NO GOING BACK? There are no viable alternatives for the RAAF to the F-35. (Lockheed Martin)

A flying lemon or petulant pessimism?

The ongoing debate over whether the F-35 is the right choice to fill the RAAF’s requirements for the new air combat capability is dated, frustrating and ultimately, useless.

The Lockheed Martin F-35 won’t be a redesign of the wheel, at least in terms of the airframe. What will set the F-35 apart is the complex sensor package that allows the pilot to go from ‘Maverick tactical jet-jockey’ to ‘over-the-horizon strategic-level operator’. But anyone playing the home-game would know that the program has not been peaches-andcream.

But the program’s critics are arguing the wrong points, and putting faith in theories that don’t necessarily make sense. By all means, criticise where the program is currently.

Such criticism is constructive and forces governments to take notice and engage in the process. But criticising the program itself is a counterproductive waste of breath.

Program critics have often complained that the F-35 was the wrong selection, and will ultimately be overwhelmed by a potential adversary’s more advanced fifth generation fighter. These same critics say we should have kept the 1960s-designed F-111 bomber, and operated them in conjunction with the F-22 Raptor, an aircraft that has and will never be exported outside the United States, and for which production has now ended.

The argument is fundamentally flawed on a number of levels. The classic F-111 argument, that Australia should never have ditched the venerable Pig in favour of the whizz-bang do-all JSF ignores the progress made in sensor technology since mid-20th century.

The F-111 was a capable platform in its time, but a tired third generation airframe is illequipped to fight in contested airspace in the 21st century.

And as for the F-22 argument, Australian Aviation has previously covered the range of difficulties associated with restarting the F-22 production line. Even if it was diplomatically possible (unlikely), the technical, manufacturing and assembly staff are gone (almost irrevocably), and the more classified elements of tooling not preserved would be slated for destruction, if they haven’t already been destroyed.

What’s more, the F-22 has it’s own range of problems that still need to be addressed.

Overall, a small production run of 187 aircraft is not a viable exemplar for the F-35, a program seeking to produce around 2,500 aircraft.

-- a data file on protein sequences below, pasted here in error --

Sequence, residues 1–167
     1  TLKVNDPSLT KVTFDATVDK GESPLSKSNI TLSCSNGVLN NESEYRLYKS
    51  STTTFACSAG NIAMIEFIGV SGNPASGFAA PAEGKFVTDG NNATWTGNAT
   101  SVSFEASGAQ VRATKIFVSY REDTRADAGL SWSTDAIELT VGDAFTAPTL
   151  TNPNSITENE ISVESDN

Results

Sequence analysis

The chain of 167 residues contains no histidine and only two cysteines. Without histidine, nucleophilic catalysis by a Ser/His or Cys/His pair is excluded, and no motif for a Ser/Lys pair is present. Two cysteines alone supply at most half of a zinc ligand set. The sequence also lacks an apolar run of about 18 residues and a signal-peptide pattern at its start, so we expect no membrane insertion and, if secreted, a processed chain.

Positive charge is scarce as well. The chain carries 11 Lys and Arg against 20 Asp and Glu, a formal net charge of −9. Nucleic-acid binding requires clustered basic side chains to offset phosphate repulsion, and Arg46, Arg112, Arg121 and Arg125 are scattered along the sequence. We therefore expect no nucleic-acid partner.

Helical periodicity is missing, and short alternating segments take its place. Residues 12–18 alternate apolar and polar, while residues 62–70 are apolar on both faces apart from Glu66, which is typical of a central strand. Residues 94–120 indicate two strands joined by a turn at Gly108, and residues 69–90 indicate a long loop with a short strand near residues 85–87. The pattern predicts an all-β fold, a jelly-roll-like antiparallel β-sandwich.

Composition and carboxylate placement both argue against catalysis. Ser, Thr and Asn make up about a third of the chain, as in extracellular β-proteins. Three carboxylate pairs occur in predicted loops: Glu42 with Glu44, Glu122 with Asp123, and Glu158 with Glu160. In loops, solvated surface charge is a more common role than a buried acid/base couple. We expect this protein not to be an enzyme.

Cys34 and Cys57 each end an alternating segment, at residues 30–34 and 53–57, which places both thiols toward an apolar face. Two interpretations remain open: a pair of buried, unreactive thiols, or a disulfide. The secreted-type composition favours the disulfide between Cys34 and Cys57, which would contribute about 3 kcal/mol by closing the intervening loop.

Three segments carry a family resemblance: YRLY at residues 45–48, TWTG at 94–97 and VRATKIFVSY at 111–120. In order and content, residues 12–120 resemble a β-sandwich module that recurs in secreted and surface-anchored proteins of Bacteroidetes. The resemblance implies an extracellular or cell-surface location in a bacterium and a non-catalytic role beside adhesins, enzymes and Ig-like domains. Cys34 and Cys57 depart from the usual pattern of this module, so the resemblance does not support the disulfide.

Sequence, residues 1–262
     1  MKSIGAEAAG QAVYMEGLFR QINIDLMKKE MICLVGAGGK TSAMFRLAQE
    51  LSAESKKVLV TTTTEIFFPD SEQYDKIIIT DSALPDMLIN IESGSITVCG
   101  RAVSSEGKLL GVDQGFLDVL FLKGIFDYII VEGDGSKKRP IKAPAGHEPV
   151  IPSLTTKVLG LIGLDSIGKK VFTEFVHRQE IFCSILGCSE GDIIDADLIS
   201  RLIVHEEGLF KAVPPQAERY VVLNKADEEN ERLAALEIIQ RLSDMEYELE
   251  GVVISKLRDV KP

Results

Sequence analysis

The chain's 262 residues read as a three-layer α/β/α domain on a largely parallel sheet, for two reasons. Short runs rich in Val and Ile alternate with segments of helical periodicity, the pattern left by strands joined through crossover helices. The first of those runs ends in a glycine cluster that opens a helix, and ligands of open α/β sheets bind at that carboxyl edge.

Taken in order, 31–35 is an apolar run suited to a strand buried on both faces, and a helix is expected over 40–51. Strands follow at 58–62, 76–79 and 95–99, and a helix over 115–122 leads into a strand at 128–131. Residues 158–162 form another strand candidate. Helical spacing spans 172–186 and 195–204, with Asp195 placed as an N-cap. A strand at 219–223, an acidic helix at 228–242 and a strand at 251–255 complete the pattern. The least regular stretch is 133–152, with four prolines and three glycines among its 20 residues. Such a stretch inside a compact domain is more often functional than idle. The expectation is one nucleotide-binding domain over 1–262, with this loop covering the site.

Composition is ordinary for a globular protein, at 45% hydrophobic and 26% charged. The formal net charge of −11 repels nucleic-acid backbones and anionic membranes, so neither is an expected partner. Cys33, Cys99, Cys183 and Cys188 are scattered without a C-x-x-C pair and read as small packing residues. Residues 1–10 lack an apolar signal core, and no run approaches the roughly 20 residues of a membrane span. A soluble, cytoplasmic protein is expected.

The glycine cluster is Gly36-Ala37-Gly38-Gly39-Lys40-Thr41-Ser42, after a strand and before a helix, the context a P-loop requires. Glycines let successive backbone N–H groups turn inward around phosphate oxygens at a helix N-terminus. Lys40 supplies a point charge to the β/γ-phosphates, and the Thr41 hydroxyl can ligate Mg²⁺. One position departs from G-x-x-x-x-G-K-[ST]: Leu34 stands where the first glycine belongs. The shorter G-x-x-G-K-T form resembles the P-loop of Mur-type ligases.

A so-called ‘JSF killer’ , the Chinese developmental Jian-20, or J-20, appears to be a very capable aircraft, seemingly sharing a number of characteristics with its F-35 and F-22 counterparts. But then there is quite a difference between building two extremely expensive test and development aircraft and being able to cheaply and effectively mass produce a fifth generation fighter, a feat many experts still believe is beyond the Chengdu Aircraft Industry Group, at least for the time being.

The F-35 program itself seems to have some significant issues. Few would argue that concurrency has not been a constant bane of the JSF program. Concurrency saw the flight-testing and early manufacturing phases run in parallel, which was meant to deliver time and money savings due to the capabilities of modern computer-simulated design.

It seems obvious now that the computer simulation was not as foolproof as expected. A significant number of already-produced F-35s will require costly retrofitting to rectify problems to allow them to reach their full design service life.

Also driving cost is the impact of ongoing political delays. Especially for the lowrate initial production (LRIP) batch jets, economies of scale have a large bearing on per unit costs, and so the more orders are delayed, the higher the unit cost of those jets becomes.

In a self-fulfilling prophecy, delays that push aircraft to the right also serve to increase the costs of other aircraft and thereby provide political reasoning for further delays.

The arguments over the F-35 are growing tiresome for all involved. The program is not perfect and the aircraft is unlikely to be everything we were told it would be. It’s long past the point of being able to be delivered on schedule and under budget.

But quite simply, there are presently no valid or viable alternatives for the RAAF’s acquisition of a fifth generation combat aircraft. There is nothing available to us that will fill the fifth generation capability sought by Air Force.

The F-35 program has been fraught with problems, consistently delayed, is nowhere near initial cost estimates, and still has some way to go before concurrency is a past issue and production can reach its full potential.

All of these are a consequence of an overly ambitious program aimed at achieving a broad spectrum of airborne combat roles.

Even considering these realities, with no real alternative, critics of the program need to answer this simple question: would you prefer the F-35 or would you prefer nothing? Yes, the cost is high. But what is the cost of not having an air combat capability? Perhaps the time has come to put aside dislike of the platform, or ongoing petulance that one academic or another’s favourite option was not selected, and get on with the job of providing for Australia’s national air combat capability into the 21st century.


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